Turkish and United States delegations met at the Ministry of National Defense headquarters in Ankara to discuss cooperation areas in running Afghanistan's Hamid Karzai International Airport, the Turkish Ministry of National Defense said in a statement late Friday.
According to the statement, the parties agreed to continue talks.
Turkey will likely run and guard Kabul Hamid Karzai International Airport in Afghanistan if the necessary conditions are met, Defense Minister Hulusi Akar said Thursday, adding that no additional personnel is to be sent there.
Speaking at a ceremony in the capital, Ankara, Akar said that a delegation from the U.S. came to the ministry early Thursday and that talks about the future of Kabul airport after the withdrawal of U.S.-led NATO troops have been launched.
"No decision has been taken as of now. Apart from our current personnel, we do not have any personnel going to the region," he said.
Describing Afghanistan as "the heart of Asia" and a country of critical importance, Akar said that there are deep-rooted historical and cultural ties between Turkey and Afghanistan.
Highlighting that it is the 100th anniversary of Turkish-Afghan diplomatic relations, he said: "As stated in the Turkish-Afghan alliance agreement of 1921, 'the fate and happiness of the two countries belong to each other.' Therefore, Turkey has made great efforts to ensure that our Afghan brothers live in peace, security and stability, and we will continue to do so."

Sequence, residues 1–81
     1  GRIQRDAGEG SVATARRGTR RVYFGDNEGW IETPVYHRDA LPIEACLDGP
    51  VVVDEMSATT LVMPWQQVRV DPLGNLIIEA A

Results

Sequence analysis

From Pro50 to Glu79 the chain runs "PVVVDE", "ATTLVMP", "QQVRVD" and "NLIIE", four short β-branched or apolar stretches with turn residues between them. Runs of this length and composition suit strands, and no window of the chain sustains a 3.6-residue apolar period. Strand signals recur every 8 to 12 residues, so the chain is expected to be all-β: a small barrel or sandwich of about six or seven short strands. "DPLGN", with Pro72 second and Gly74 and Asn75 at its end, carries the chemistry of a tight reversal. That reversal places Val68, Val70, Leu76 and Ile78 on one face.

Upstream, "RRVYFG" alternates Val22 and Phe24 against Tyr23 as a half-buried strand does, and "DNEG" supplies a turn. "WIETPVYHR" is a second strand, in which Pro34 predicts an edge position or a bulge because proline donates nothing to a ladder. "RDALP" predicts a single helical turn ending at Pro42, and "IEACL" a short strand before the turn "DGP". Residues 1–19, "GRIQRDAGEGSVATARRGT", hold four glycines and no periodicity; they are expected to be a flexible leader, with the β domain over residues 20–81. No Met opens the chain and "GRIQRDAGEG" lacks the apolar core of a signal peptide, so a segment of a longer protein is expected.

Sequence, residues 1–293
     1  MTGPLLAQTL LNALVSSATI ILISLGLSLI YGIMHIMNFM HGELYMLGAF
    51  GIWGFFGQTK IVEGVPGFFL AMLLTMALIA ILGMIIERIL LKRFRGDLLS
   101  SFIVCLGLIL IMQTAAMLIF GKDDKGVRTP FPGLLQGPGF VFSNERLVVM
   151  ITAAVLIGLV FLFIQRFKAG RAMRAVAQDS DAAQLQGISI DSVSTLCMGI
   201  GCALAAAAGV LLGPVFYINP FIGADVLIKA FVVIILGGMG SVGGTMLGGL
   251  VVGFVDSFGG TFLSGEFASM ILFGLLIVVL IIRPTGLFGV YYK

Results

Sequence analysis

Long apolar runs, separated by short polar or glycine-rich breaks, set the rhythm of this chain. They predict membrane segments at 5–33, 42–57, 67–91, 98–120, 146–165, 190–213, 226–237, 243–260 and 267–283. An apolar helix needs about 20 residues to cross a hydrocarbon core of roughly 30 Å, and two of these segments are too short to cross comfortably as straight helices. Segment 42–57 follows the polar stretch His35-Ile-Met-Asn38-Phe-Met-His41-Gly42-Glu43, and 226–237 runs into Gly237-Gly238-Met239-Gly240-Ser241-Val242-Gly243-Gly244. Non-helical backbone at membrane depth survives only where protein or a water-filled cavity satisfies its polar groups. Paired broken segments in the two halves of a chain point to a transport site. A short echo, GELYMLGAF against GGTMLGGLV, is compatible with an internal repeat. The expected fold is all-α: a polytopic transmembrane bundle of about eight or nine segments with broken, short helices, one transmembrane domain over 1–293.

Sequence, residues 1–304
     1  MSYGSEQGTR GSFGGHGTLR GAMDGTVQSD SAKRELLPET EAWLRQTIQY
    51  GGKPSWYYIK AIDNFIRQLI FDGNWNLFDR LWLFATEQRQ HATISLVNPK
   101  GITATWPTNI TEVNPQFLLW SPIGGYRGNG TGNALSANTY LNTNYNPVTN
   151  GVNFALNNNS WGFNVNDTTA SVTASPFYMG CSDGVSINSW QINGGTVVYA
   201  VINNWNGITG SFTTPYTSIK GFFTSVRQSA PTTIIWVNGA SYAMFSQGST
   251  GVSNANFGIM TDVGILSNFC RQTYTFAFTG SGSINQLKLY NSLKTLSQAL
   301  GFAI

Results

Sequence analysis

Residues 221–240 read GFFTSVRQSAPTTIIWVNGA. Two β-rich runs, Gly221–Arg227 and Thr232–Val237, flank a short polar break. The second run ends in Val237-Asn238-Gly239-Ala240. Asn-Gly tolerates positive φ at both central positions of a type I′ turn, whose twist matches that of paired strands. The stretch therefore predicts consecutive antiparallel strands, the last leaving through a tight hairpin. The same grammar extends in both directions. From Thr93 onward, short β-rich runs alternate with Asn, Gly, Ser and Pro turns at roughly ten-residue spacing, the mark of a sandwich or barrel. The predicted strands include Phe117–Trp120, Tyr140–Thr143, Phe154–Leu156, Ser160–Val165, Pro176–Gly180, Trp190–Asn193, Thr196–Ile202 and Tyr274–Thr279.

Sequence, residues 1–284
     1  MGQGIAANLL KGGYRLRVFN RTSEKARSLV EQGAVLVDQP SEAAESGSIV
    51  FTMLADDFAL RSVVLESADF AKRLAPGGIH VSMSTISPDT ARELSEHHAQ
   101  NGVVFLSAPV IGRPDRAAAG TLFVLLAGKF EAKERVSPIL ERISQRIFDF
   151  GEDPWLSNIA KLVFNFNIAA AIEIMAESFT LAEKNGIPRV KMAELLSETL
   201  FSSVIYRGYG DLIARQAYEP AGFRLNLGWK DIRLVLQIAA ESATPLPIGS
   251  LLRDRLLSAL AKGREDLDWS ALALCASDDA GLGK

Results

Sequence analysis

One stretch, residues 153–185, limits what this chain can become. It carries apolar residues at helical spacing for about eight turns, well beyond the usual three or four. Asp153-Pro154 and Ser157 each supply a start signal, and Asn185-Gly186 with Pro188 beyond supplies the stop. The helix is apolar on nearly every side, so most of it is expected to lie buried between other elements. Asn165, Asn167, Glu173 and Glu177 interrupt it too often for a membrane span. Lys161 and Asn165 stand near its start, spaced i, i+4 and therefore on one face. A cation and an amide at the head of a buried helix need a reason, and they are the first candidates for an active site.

The situation in Afghanistan has gained importance in recent weeks after U.S. President Joe Biden announced that all American forces will withdraw from the war-torn country by Sept. 11, with NATO allies to follow suit.
Turkey, whose forces in Afghanistan have always been comprised of noncombatant troops, has offered to guard and run Hamid Karzai airport after NATO's withdrawal and has been holding talks with the U.S. on logistic and financial support for the mission, as questions remain on how security will be assured along major transport routes and at the airport, which is the main gateway to the capital, Kabul.
Last week, U.S. National Security Adviser Jake Sullivan said Biden and Turkish President Recep Tayyip Erdoğan agreed in a meeting at last week's NATO summit that Turkey would play a lead role in securing Kabul airport after the NATO withdrawal.
Erdoğan said after the meeting that Turkey was looking for “diplomatic, logistic and financial assistance” from the U.S. to protect and operate the airport. Turkey also wanted Pakistan and Hungary to be involved in the mission, he said.
A Taliban spokesperson said this month Turkey should withdraw its troops from Afghanistan under the 2020 deal for the pullout of U.S. forces, but Washington and Ankara have said the plans will press on.
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